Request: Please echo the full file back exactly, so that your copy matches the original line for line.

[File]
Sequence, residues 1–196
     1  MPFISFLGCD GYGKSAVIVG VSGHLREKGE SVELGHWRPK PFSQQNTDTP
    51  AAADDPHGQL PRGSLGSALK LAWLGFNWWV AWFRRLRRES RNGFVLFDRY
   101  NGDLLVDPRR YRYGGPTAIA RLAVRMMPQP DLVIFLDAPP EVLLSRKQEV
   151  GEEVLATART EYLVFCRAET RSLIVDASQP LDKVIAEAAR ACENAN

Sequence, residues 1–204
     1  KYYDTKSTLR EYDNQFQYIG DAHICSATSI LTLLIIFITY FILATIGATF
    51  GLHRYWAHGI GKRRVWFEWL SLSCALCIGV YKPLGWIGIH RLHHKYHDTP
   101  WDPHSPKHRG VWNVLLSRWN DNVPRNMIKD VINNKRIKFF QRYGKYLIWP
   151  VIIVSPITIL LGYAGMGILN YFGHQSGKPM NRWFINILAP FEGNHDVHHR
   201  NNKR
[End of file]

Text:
Sequence, residues 1–196
     1  MPFISFLGCD GYGKSAVIVG VSGHLREKGE SVELGHWRPK PFSQQNTDTP
    51  AAADDPHGQL PRGSLGSALK LAWLGFNWWV AWFRRLRRES RNGFVLFDRY
   101  NGDLLVDPRR YRYGGPTAIA RLAVRMMPQP DLVIFLDAPP EVLLSRKQEV
   151  GEEVLATART EYLVFCRAET RSLIVDASQP LDKVIAEAAR ACENAN

Sequence, residues 1–204
     1  KYYDTKSTLR EYDNQFQYIG DAHICSATSI LTLLIIFITY FILATIGATF
    51  GLHRYWAHGI GKRRVWFEWL SLSCALCIGV YKPLGWIGIH RLHHKYHDTP
   101  WDPHSPKHRG VWNVLLSRWN DNVPRNMIKD VINNKRIKFF QRYGKYLIWP
   151  VIIVSPITIL LGYAGMGILN YFGHQSGKPM NRWFINILAP FEGNHDVHHR
   201  NNKR